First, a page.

I was born a very long time ago and grew up in Temple City, California, before there were such things as shopping malls, or fast food restaurants, or self-serve gas stations, much less cell phones and computers.
My young life in our quiet suburban town was so dull that I used to pray for an earthquake. Luckily, the recipient of my prayers was wiser than I, and the foundations of Temple City remained calm and secure.
Lacking real life excitement, my adventures came through books. Stories about dogs, ocean voyages, struggling orphan children and, of course, Nancy Drew and her mystery solving chums, all provided me with a magical window, through which I could see a vast variety of worlds beyond the limits of my everyday life. It is this gift that comes from reading a book that I seek to share with young people.
I taught for decades at a “last chance” high school in southern California. Most of my students lived hard lives and sometimes were only at the school a month or so before they moved on.
Not many of them liked to read. I wanted them to gain the breadth and freedom that can come through books. If only I help them establish a reading habit, that would be the gift of a lifetime.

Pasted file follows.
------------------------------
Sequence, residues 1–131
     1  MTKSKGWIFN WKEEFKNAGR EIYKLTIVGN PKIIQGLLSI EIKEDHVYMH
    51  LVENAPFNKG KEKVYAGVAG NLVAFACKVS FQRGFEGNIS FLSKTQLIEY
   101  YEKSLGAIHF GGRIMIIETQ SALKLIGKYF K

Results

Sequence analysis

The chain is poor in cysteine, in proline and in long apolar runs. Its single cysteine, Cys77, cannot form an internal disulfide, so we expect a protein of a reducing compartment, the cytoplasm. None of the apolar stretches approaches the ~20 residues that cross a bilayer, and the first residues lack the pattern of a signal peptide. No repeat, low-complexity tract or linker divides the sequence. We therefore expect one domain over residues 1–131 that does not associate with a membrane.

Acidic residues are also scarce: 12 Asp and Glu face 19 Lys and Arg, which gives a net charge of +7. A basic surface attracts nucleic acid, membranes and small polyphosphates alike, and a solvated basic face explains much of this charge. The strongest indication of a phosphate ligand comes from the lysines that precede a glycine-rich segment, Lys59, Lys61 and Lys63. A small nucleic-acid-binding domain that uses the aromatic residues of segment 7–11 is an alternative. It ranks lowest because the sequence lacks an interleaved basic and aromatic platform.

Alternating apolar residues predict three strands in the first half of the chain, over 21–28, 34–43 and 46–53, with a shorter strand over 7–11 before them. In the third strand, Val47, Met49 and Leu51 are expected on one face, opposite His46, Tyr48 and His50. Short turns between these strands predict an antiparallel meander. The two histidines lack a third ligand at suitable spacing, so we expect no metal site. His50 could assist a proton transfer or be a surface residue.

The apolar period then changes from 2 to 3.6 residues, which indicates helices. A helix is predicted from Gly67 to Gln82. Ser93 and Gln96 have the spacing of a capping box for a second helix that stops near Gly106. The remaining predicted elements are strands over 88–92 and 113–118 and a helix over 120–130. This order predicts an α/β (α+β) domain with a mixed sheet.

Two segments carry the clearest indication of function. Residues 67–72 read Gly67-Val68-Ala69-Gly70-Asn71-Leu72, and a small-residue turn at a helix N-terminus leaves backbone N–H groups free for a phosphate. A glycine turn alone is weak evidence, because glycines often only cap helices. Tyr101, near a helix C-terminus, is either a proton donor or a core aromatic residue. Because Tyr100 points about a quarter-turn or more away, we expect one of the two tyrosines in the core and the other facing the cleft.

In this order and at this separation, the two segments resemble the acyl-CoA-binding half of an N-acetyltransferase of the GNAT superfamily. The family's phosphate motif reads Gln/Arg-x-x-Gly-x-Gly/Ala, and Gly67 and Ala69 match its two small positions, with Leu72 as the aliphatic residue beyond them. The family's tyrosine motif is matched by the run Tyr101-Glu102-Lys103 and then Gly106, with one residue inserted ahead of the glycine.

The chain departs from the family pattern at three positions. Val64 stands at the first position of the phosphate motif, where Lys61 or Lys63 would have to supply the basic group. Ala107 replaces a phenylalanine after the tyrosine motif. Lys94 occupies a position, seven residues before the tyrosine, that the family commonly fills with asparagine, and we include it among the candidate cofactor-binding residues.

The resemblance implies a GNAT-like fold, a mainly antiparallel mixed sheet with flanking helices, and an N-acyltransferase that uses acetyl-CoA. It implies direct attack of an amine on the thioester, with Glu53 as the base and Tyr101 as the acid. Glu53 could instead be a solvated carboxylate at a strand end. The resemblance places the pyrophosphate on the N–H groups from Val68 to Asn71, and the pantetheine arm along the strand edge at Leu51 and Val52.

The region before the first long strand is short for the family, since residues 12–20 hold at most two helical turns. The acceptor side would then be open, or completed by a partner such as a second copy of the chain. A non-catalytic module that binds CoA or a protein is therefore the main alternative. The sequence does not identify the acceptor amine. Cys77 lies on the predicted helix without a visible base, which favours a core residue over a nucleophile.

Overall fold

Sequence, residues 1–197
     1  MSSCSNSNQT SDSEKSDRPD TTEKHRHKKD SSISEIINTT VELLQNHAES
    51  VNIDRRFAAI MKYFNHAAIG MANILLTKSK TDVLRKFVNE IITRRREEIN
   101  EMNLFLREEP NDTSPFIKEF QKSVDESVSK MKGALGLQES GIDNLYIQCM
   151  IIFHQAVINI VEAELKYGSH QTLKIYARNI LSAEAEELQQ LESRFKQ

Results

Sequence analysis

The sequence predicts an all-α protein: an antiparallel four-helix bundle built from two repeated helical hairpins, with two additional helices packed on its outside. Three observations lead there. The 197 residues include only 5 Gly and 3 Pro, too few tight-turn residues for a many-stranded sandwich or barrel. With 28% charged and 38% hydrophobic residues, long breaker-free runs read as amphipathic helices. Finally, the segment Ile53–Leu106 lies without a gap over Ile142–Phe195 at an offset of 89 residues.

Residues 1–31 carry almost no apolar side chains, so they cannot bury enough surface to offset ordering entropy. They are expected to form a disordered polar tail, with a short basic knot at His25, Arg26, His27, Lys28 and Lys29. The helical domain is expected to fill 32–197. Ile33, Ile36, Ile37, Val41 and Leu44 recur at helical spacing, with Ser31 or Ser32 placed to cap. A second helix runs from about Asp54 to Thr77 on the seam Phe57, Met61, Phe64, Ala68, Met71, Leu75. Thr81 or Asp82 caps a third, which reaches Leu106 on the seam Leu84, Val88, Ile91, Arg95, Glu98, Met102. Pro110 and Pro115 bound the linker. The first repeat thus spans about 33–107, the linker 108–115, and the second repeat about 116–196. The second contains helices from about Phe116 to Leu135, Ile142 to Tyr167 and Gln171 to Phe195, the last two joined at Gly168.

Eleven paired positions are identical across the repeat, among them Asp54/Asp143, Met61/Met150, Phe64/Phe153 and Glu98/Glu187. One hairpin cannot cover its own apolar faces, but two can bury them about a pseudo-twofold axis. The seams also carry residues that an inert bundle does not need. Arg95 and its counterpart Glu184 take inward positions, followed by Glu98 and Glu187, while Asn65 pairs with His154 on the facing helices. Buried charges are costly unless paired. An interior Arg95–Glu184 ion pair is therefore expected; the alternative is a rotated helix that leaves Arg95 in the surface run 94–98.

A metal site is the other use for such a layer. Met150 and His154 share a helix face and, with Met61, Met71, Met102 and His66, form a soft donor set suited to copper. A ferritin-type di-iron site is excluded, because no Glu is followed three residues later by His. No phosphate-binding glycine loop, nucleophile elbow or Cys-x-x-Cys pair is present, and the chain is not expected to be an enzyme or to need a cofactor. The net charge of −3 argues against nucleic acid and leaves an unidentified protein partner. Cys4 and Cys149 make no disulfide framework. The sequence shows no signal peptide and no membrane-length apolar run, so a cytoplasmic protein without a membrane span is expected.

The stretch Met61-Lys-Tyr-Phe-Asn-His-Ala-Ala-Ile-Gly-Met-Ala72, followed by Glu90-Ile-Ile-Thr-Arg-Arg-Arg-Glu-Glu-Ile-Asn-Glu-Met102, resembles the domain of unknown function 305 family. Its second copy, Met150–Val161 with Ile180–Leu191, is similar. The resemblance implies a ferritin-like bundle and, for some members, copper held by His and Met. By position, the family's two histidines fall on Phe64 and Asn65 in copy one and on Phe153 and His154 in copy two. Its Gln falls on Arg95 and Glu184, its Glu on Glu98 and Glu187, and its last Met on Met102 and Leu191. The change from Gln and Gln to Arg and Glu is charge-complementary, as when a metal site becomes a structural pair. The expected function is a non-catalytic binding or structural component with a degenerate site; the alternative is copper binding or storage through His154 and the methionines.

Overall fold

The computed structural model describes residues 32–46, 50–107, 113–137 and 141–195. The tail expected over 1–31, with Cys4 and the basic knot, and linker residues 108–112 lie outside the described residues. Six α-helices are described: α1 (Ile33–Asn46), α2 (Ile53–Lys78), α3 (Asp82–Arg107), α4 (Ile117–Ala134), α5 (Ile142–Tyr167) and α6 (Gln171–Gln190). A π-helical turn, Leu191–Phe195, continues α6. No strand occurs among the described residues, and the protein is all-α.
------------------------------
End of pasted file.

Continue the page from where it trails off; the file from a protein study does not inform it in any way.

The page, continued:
It turned out that most of my students did like to read if they found a book that was meaningful to them. They wanted to read books that reflected life as they new it. As wonderful as The Red Pony, or The Pearl, or To Kill a Mockingbird are, they had no appeal for most of my students.
Because I had trouble finding enough books my students could relate to, I decided to try writing one. I chose to write about a twelve year old girl who was being molested by a neighbor because that was a subject that had not been dealt with in teen fiction, and because I knew that molestation was a secretive but widespread problem. My students easily connected with that book, Telling, as did others.
Since that first book, I have written nine more books of realistic teen fiction in the “True-to-Life Series from Hamilton High.“ These books all deal with difficult issues and situations that many teens must face, issues such as teen pregnancy, rape, racism, abortion, school failure, lack of family support, sexual identity crises, sexual abstinence, mixed race heritage, and on and on.
All of my books have been well reviewed. Several have won awards. Still, nothing compares with the experience of going to the mailbox or opening my email and finding a message from a far away reader telling me how one of my stories has, in some way large or small, affected that person's life.
When speaking with groups I am sometimes asked, "Why don't you ever write about happy things?” Strange as it may seem, given the subjects of my books, I believe I do write about happy things. I write about people who are faced with extremely difficult situations, yet they somehow manage to cope. They get on with their lives. To me, that is a truly happy story, one that shows the strength and resilience of the human spirit.